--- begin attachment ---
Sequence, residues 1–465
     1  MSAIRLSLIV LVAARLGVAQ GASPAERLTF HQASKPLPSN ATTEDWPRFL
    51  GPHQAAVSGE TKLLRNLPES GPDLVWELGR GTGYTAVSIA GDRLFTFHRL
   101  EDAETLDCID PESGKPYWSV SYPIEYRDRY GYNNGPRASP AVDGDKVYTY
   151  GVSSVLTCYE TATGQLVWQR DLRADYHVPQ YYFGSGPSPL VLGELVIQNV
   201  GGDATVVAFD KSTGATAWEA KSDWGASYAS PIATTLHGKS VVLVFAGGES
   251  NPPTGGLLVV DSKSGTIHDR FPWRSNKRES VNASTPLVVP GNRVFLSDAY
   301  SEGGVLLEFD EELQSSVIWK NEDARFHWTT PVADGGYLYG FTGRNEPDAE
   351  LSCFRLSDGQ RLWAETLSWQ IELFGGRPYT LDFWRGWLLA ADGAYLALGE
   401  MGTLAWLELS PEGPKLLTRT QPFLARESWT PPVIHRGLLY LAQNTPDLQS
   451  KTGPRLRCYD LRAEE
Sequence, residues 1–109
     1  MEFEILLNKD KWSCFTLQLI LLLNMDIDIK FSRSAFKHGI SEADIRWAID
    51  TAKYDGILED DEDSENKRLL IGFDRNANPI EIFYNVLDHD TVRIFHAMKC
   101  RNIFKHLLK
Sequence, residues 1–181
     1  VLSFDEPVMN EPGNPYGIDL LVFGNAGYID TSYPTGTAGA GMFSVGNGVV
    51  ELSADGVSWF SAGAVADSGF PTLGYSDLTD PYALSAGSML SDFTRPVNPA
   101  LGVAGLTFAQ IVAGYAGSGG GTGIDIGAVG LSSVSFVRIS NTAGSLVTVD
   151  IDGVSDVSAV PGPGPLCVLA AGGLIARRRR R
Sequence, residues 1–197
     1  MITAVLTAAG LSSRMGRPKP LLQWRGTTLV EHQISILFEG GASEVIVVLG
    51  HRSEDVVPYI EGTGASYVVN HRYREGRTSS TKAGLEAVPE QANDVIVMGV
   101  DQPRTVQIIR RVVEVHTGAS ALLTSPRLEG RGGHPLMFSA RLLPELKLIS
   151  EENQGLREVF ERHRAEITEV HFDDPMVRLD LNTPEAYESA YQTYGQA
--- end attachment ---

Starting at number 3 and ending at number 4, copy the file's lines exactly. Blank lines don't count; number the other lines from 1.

    51  GPHQAAVSGE TKLLRNLPES GPDLVWELGR GTGYTAVSIA GDRLFTFHRL
   101  EDAETLDCID PESGKPYWSV SYPIEYRDRY GYNNGPRASP AVDGDKVYTY